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5. Electronics production

During this week’s assignment, our objectives were centered around using the CNC Mill, which we were asked to create an in circuit programmer. Using a bantam mill, we first milled and soldered a simple blinky board and then the programmer. Throughout this week I encountered an amalgam of issues from difficulty soldering, lack of access to components, milling trouble, and uploading the program to the board itself; nevertheless I learned about troubleshooting using multimeters and analyzing soldering jobs, as well as how to mill custom pcb boards.

I. Blinky Board

(1) Milling

The first step of creating the blinky board was to mill it using the Bantam Mills in our Fab Lab with the Bantan Tool software. Over the course of this aspect of the assignment, I milled four separate Blinky Boards, so I was able to use different methods of milling. (1) On the machine, first I ensured that the mill had my desired bit; I used either a .005” engraving bit, a 1/32” flat end mill bit, or a 1/64” flat end mill bit. To install the bit, I unscrewed the cap with a wrench and then changed the bit out. We also used a fan on the bit to extend the lifespan of the flute by blowing away excess milled copper.

(2) Next, you import the file to mill, which I used an EagleCAD .bdr file type, and position the board in the software to where you wish to cut it. I used a Blinky Board, which was designed by Dr. Adam Harris and can act as a test for the in-circuit programmer. (3) Next, add double sided tape to the copper you plan to mill and attach the sheet to the mill work area. (4) Then, change the bit in the “locate tool” section and down below and follow the steps:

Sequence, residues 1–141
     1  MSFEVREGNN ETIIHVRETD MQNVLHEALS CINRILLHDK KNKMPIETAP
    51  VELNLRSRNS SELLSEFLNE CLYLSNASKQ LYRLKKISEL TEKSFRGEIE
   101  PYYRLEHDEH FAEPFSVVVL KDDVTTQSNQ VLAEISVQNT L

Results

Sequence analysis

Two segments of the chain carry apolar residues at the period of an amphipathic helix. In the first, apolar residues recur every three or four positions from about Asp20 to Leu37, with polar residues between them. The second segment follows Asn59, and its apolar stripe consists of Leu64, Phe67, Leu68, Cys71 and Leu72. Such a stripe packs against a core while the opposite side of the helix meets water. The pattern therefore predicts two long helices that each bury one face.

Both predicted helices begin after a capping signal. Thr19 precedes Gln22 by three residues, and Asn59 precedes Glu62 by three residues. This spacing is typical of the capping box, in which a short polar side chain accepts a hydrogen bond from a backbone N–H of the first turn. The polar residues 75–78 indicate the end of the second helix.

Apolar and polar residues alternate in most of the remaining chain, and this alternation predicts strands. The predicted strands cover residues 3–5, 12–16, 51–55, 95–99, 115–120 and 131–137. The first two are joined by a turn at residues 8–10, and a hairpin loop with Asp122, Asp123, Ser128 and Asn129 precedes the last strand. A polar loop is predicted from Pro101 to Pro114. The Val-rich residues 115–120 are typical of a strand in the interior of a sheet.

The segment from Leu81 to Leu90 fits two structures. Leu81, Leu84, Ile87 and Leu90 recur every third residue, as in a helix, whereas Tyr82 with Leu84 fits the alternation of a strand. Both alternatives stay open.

Blinky Board Milling Time Lapse Video

(5) Afterwards, ensure to probe the material thickness under the “BitBreaker” section, so the Bantam PCB Mill knows how far down to have the bit head. Also, before probing, attach the metal hand to the material to avoid breaking the bit.

Here is the workflow our class used created by Dr. Adam Harris:

Dr. Adam Harris’ Workflow

This is the simplest and easiest method for programming the new AtTiny chips used in Fab Academy.

Step 1: Download the EagleCAD and Arduino project files here. I recommend adding some trace clearance if possible.

Step 2: Solder all the components in place

Step 3: Use an ISP programmer to test this board by flashing the Blink.ino example in arduino by using Tools–> Upload using Programmer with the board set as Arduino Uno. If that works, you know that you can program the atmega. Something I did in addition is to manually wire up an LED on a breadboard, and changed the pin in the arduino code to pin 6. I wired this LED up to the UPDI pin on the programmer and programmed it just to make sure that the UPDI pin is not shorted out.

Step 4: You should get the LED to flash off the UPDI pin. Once you are sure that’s working and there are no communication issues move forward. If this doesn’t happen, you need to troubleshoot. Try to find any shorts on your board or under the traces.

Step 5: Install the megaTiny library in Arduino as described here. Here you can see my tips and perspective on the different two different methods of UPDI programming FabAcademy recommends so far.

Step 6: Use an ISP programmer to install this code to turn this board into a UPDI programmer from SpenceKonde called jtag2UPDI code (visit page, click “Code–> Download Zip” and then unzip this code to your computer and open the jtag2UPDI.ino project in arduino.)